How does a formal arrangement bind all creditors?

Formal arrangements with creditors are an attractive option if you need your proposal to be legally binding on all creditors. One of the major disadvantages of an informal arrangement is that they are not legally binding which means creditors are not obliged to accept your proposal and can demand full repayment of their debt.
To help explain how a formal arrangement works, let’s look at an example where you have five (5) creditors with a total amount owing of $100,000 split as follows:

Creditor A


Creditor B


Creditor C


Creditor D


Creditor E





#the above example is based on voting criteria for a Debt Agreement (different voting criteria applies to a Personal Insolvency Agreement
The arrangement will become legally binding on all creditors if you get more than 50% (in value) of creditors to agree to your proposal.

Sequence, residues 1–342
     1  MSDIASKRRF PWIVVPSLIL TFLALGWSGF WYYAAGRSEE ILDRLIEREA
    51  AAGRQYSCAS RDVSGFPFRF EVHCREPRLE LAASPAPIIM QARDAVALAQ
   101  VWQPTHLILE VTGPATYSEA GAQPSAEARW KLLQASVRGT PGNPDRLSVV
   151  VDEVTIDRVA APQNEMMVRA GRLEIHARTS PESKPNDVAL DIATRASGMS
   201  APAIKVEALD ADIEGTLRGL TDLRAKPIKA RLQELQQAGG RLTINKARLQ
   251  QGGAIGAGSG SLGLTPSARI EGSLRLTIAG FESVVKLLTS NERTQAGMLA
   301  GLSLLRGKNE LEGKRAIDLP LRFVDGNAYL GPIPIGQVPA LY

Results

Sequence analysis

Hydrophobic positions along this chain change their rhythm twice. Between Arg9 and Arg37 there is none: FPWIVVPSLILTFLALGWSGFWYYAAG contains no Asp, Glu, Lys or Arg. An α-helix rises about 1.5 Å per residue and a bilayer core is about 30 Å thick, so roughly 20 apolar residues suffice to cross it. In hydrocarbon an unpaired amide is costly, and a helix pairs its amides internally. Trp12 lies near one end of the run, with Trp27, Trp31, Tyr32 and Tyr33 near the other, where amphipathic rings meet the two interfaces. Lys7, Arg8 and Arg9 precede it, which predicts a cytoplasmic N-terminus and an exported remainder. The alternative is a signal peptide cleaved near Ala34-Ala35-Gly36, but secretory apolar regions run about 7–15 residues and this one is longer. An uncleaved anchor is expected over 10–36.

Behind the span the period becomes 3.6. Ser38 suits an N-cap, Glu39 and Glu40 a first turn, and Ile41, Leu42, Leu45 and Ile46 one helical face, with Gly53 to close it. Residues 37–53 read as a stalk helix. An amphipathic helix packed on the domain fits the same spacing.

So in this example if you get creditors, A, B & C to agree to your proposal it would become binding on all creditors because they hold 55% of the total debt (ie the majority). It wouldn’t matter if creditors D & E were against it because they only hold 45% of the total debt (ie they are the minority).
For this reason formal arrangements can be a powerful tool to reach agreement across all creditors as unanimous approval isn’t required. The formal arrangement will bind all creditors which means:

  • Once accepted by the majority of creditors no creditor can “break rank” and commence legal action to recover their debt at a later stage;
  • Your property will be protected , meaning whilst the formal arrangement is in place no creditor can force bankruptcy upon you( which is how you could lose your property ).

Are their different types of formal debt arrangements?

There are two types of formal creditor arrangements, those being:

The differences between these two (2) arrangements are explained here.
If you need assistance or advice with a formal creditor arrangement call us today on 1800 462 767.